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No filmmaker has ever loved anything as much as Abdellatif Kechiche loves butts.
Bringing up the rear of this year’s Cannes lineup in more ways than one, Kechiche’s “Mektoub, My Love: Intermezzo” — an oft-threatened but completely unsolicited sequel to his 2017 bomb, “Mektoub, My Love: Canto Uno” — devotes about 60% of its runtime to extreme close-ups of jiggling female derrieres. And while that horrifyingly unexaggerated statistic may sound like a bit of a red flag to begin with, it only gets worse when you consider that “Intermezzo” is the same length as “Lawrence of Arabia” (the original 222-minute cut, not the trimmed version that David Lean made after people complained that the movie was too long).
Course - None - Surprise - Kechiche - Palme
Of course, none of this is much of a surprise. Not anymore. As shocking as it was when Kechiche celebrated his 2013 Palme d’Or win by pivoting to posteriors, “Canto Uno” made it irrevocably clear the filmmaker has no regrets for the wanton fetishization of nubile flesh that separated “Blue Is the Warmest Color” from his earlier, more casually sensual work.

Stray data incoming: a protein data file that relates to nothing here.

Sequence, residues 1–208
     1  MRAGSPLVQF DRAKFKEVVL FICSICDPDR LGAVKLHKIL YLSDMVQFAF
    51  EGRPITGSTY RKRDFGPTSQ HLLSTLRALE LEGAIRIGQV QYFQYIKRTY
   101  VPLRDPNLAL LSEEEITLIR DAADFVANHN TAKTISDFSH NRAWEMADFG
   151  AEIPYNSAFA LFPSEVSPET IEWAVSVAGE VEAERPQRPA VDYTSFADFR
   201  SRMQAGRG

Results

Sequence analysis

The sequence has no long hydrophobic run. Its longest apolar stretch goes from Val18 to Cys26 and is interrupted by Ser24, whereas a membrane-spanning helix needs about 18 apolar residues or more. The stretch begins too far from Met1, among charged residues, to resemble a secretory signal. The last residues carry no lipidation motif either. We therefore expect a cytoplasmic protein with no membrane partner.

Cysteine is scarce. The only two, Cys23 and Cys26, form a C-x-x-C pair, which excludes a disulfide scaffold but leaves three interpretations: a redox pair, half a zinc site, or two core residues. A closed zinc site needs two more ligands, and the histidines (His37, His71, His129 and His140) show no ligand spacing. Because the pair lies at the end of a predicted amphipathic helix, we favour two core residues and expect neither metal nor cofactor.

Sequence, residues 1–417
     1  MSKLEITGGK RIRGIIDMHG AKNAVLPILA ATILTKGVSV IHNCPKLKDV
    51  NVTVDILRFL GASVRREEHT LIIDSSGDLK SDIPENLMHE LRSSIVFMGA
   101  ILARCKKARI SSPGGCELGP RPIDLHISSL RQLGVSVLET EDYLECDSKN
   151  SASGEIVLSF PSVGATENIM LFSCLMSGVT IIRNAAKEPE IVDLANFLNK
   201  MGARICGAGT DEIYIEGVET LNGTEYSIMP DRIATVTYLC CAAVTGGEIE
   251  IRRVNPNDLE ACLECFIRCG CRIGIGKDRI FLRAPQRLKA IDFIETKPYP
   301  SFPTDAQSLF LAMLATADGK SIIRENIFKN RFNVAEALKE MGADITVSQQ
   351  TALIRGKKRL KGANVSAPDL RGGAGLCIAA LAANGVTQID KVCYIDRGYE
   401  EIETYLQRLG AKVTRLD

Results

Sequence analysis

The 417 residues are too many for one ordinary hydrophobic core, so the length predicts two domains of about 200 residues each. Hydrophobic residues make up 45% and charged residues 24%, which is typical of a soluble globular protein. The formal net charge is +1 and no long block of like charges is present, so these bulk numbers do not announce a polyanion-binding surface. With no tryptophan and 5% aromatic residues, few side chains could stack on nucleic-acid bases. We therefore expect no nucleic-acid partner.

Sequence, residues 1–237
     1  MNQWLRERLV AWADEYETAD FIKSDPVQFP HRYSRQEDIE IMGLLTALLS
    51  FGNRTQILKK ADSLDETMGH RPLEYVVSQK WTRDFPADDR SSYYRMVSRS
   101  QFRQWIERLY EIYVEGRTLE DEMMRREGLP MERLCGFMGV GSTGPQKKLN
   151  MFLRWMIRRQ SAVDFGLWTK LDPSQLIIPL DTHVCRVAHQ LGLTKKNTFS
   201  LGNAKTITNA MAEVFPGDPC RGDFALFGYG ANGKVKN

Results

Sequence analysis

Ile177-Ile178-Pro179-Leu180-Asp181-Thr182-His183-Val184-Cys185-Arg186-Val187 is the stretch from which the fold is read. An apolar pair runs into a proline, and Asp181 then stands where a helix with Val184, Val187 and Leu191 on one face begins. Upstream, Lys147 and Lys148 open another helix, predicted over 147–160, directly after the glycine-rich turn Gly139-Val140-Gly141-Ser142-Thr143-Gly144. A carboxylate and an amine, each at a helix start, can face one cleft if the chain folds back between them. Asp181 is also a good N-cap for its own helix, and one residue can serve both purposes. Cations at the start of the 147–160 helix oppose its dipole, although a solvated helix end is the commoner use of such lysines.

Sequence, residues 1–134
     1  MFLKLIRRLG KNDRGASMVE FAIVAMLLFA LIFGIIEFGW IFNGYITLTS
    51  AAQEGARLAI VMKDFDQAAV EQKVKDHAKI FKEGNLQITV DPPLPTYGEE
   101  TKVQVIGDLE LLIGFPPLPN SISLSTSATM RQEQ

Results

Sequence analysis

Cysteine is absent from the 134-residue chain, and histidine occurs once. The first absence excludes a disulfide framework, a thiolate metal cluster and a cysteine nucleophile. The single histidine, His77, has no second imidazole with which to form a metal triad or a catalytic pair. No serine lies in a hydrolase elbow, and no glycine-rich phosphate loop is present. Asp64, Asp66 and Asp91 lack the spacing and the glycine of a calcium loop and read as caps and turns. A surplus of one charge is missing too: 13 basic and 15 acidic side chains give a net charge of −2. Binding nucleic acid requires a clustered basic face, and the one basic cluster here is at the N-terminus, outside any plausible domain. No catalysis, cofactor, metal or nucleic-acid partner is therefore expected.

The first installment of the “Mektoub” series now seems like a wise and lyrical tone poem when compared to its cinematic lap dance of a sequel, but that initial chapter — an aimless coming-of-age story about a naïve young French-Algerian screenwriter who returns to his beachside hometown of Sète during the summer of 1994 — was still too banal and indulgent to secure American distribution. While the explicit sexual content in “Canto Uno” is less frequent and hostile than that in “Blue Is the Warmest Color,” the leering nature of its camerawork is more pronounced; the male gaze was practically the only lens Kechiche used. One critic likened the film to a very special episode of “Jersey Shore,” and referred to Kechiche’s camera...
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